“Unlike the ‘real world,’ we have quite a bit more control in ATE than they do in a field application. We can ‘walk up’ to the max thermal requirements and test around the edges rather than just some brute force method of testing,” said Tim Burnett, applications engineer consulting manager at Advantest. “Even in digital testing, when you test say hot, you are not going to heat the die up to 125°C in a handler and then run a thermal load that takes it well past 200°C internal. That being said, you will exceed the external handler chamber temperature for the die internal. But in general, we monitor internal die temp so as not to exceed maximum die temp values (which can be quite a bit higher than the package part spec). Anyone who has inadvertently loop run die on a large BiST pattern, only to weld the socket or burn needles at probe, knows this all too well.”

Older analog developed at older process nodes has more resilience. “Analog is no different when testing for say overcurrent or full load on things like BUCK, BOOST, BOOST-BUCK converters or Class D type amplifiers that have internal switches. ATE allows us the control to not run a die for extended periods of time that would overheat the die internal and still accomplish the specific requirement. Internal temp testing is also common for many of these die. An example would be an overcurrent test for a Class D amplifier at 20A, we may be looking for a comparator trip on some GPIO pin after exceeding the high current in say 10 or 15µS. A 20µS pulse at 20.1A should be more than enough to accomplish this task without overheating the die in the process. Heat management in ATE is about control of the die and understanding how to accomplish a task with finesse. Brute force will invariably get you into trouble if you don’t understand the device you are working on and trust me, I have let out my fair share of factory installed smoke in the past 25 years.”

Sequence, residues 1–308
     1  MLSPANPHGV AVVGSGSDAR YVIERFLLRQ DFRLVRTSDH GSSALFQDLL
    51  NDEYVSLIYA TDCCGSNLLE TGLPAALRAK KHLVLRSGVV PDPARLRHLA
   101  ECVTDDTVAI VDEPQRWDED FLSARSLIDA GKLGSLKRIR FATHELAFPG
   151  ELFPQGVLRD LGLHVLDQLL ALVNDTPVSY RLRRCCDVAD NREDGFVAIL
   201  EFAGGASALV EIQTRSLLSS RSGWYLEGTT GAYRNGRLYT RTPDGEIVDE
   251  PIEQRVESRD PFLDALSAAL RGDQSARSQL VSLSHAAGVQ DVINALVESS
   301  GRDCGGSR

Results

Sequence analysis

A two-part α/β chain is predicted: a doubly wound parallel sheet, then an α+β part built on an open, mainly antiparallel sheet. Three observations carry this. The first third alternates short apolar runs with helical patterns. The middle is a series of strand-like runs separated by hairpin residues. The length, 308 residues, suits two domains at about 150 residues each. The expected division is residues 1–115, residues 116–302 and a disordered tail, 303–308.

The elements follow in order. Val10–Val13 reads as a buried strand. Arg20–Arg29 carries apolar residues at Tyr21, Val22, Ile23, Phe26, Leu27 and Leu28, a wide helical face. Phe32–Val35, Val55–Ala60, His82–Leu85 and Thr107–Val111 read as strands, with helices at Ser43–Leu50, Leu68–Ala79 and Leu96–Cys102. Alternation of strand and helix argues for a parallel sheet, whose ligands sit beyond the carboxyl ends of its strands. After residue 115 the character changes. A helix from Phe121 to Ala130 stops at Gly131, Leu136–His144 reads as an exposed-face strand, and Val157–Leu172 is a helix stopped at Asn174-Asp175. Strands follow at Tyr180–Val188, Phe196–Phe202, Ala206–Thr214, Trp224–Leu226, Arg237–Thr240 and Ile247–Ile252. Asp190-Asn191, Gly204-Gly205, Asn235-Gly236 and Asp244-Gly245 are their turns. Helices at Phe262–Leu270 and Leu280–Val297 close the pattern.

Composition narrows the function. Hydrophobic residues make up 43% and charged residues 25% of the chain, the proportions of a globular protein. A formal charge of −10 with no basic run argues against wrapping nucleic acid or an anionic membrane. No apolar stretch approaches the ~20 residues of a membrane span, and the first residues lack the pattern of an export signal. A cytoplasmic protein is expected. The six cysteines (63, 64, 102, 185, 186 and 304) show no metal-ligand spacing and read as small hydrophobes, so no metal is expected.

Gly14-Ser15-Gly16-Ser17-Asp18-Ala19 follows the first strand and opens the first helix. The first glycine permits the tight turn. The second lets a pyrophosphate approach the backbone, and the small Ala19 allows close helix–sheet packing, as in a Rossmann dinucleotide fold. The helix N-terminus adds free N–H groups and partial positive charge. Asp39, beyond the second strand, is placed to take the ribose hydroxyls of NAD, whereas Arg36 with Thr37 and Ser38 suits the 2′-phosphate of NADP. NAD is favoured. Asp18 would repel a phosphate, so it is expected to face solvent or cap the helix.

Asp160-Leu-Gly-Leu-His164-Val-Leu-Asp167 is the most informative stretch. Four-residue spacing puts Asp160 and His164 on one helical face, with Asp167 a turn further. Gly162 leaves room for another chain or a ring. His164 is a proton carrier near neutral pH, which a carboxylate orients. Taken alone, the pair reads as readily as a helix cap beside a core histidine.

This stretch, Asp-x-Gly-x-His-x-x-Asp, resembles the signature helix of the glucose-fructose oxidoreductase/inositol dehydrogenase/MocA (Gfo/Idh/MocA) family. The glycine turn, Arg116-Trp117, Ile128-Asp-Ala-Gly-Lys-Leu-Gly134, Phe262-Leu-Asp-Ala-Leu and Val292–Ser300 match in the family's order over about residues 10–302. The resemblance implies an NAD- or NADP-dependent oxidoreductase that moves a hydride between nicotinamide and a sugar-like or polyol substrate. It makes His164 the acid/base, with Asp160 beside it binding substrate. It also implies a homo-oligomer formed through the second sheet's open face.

ATEs that are capable of testing complex SoCs exist, of course, and have for a while. Advantest’s 93000-L ATE — at the top of the 93000 family of scalable SoC test equipment — can test digital, analog, and mixed signal.

Other issues